Students playing esports

IPA’s Athletics Program Adds Varsity Esports Team

Online, multiplayer video games like League of Legends, Rocket League, and Super Smash Bros Ultimate, have offered teens a way to relax, have fun, and bond with friends – benefits that have even greater significance with the social restrictions of the COVID-19 pandemic. But now, these games are more than just a casual meet-up between friends for the IPA Navigators – they are part of the new varsity esports program in the ISLAND PACIFIC ACADEMY Athletics department.

“I was happy to include esports as an offering within our athletic department because we want to offer as many opportunities to participate and be part of a team to as many people as we can,” shared Greg Terhune, Director of Athletics. “Esports is a way to reach another group of people who may not be into traditional physical sports.”

For its inaugural season, IPA is participating in the spring season of Super Smash Bros Ultimate, with the possibility of expanding to other games as the program grows. IPA has two teams competing – IPA Blue and IPA Silver – coached by Melanie Erice, Secondary English teacher, and lifelong gamer. Virtual matches are held weekly against other private and public high schools from several leagues in the state. IPA has partnered with PlayVS, an online platform that manages the scheduling, matchups, stats, and software.

The Navigators have been honing their skills and team strategy through practices twice a week and during their pre-season matches. They competed against Hilo High School and Roosevelt High School in their first regular season match on Wednesday, February 23, racking up a win to start the season 1-0. They’ll be facing ‘Iolani and Calvary Chapel Christian School in their second match next week.

The image of the lone video gamer and notion of video games as a negative distraction are falling by the wayside as esports programs take off in high schools and colleges. Competitive online gaming offers some of the same benefits of a traditional athletic team, with players working together to devise strategies and practice their skills to develop their individual strengths in order to win as a team.

​​”Esports is very interesting and is like other sports because you have to train your tactics, your habits, just like you would in a real sport,” shares Dason Lee ‘23. “While it might not necessarily be physical training it is still a mental exercise that is very complicated, especially with fighting games that have a lot of nuance. I like the ability to keep improving on your craft – playing well is a combination of mastery and creativity and being a jack-of-all-trades.”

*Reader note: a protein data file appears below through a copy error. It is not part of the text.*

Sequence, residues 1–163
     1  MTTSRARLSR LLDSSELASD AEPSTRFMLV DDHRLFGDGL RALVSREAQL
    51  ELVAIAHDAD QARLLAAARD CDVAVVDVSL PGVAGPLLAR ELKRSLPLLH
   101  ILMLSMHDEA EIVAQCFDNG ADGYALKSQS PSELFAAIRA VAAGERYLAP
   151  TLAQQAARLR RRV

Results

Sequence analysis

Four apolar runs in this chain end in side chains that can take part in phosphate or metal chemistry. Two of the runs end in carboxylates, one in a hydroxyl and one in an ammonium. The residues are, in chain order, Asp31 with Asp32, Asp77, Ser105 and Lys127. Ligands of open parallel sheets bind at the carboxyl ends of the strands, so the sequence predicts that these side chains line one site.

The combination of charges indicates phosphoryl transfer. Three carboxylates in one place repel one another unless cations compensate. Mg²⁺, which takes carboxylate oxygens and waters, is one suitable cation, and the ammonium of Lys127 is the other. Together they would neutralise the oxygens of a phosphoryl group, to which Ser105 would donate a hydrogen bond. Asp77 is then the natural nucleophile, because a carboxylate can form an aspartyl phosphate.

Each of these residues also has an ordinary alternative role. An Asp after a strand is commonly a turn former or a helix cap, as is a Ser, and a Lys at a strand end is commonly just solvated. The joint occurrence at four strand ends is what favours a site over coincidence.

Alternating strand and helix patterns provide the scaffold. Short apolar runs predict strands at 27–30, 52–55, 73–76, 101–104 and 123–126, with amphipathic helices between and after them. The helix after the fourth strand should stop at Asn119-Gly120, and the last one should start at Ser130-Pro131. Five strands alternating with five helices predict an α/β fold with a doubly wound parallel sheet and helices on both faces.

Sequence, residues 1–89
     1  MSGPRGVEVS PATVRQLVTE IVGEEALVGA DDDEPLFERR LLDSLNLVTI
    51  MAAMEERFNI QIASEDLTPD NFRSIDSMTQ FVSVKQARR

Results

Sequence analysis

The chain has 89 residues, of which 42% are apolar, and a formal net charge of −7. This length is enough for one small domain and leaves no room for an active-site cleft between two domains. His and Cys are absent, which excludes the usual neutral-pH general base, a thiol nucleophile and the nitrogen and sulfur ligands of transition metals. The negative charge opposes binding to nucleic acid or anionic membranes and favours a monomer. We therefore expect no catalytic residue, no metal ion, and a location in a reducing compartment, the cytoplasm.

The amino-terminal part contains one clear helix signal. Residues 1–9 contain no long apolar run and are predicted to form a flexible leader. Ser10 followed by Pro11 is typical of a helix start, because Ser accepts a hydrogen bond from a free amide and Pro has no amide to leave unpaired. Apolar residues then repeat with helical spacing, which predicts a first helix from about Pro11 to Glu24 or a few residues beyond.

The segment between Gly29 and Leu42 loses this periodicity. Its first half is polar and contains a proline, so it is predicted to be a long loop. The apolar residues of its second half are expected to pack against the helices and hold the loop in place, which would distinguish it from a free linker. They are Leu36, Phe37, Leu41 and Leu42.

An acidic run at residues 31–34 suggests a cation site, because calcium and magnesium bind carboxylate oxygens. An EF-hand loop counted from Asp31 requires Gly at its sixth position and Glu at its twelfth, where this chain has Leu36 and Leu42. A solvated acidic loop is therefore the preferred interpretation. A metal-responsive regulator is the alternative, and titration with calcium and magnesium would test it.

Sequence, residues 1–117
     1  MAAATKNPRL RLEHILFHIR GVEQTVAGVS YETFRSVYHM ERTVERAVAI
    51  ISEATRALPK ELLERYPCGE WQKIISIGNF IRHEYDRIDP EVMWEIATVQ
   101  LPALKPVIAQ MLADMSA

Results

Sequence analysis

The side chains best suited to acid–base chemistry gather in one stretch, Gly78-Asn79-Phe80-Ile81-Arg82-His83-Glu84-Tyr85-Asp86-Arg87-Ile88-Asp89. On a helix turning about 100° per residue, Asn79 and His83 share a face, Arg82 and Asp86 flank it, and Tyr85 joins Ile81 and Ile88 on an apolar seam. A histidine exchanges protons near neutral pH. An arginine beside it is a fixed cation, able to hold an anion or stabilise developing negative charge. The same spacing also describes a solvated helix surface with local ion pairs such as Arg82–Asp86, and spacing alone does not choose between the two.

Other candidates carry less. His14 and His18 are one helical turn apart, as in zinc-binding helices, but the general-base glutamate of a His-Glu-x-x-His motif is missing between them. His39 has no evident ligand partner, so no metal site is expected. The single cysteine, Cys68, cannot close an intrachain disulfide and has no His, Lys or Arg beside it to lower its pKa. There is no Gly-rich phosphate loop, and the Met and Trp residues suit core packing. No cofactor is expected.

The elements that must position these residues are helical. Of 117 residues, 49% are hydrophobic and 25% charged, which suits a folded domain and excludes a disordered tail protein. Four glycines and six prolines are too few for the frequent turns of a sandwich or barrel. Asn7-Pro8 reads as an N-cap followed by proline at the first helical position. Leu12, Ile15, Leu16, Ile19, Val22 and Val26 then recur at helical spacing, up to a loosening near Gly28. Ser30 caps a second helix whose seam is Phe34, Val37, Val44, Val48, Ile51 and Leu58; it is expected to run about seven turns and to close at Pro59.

There are additional myriad benefits for students who participate in esports that lead to positive educational outcomes, including greater interest in STEM fields, real-world learning about data analytics and statistics, and explorations in coding. These can lead to pathways toward college scholarships and career opportunities in the developing tech and gaming industries. The National Association of Collegiate Esports estimates that more than 170 U.S. colleges have esports programs offering around $16 million per year in scholarships.

Esports also provides an environment in which important life skills and a sense of community can flourish. Student-athletes develop confidence as they form friendships and earn respect from their peers; they strengthen their communication and interpersonal skills in the team setting; and they develop a sense of discipline and resilience as they practice problem-solving and strategic thinking. And it all happens while they are having fun together.

“Even though Smash is a single player game, we develop social skills since we tend to practice a lot with each other,” shares Lee. “We learn each other’s habits – our play styles – and we are able to improve off of that because as we play with each other, we take in information about other person that they might not be able to see themselves. So this helps us to learn to be aware of ourselves and be aware of what we can improve on.”

“Our students are amazing and so adaptable,” shares Coach Erice. “Since this is our first year piloting this program, there is so much to learn. The students are so helpful to each other, quick to provide tips and help when one of them might be struggling with a character or a map. I’m happy to encourage students who want to pursue this style of competition.”

 

Students playing esports

Dason Lee ’23 and Trentton Banquil ’25 practice Super Smash Bros Ultimate.

Students playing esports

Trentton Banquil ’25 practices Super Smash Bros Ultimate as Dason Lee ’23 looks on.

Students playing esports

(L to R) Lochlan Loftis ’23, Sebastian Banquil ’23, Dason Lee ’23, and Trentton Banquil ’25 prepare for their first esports match of the season.

Student playing esports

Aaron Sasaki ’23 gets in some practice on his own.

Video game controllers

Game controllers “warm the bench.”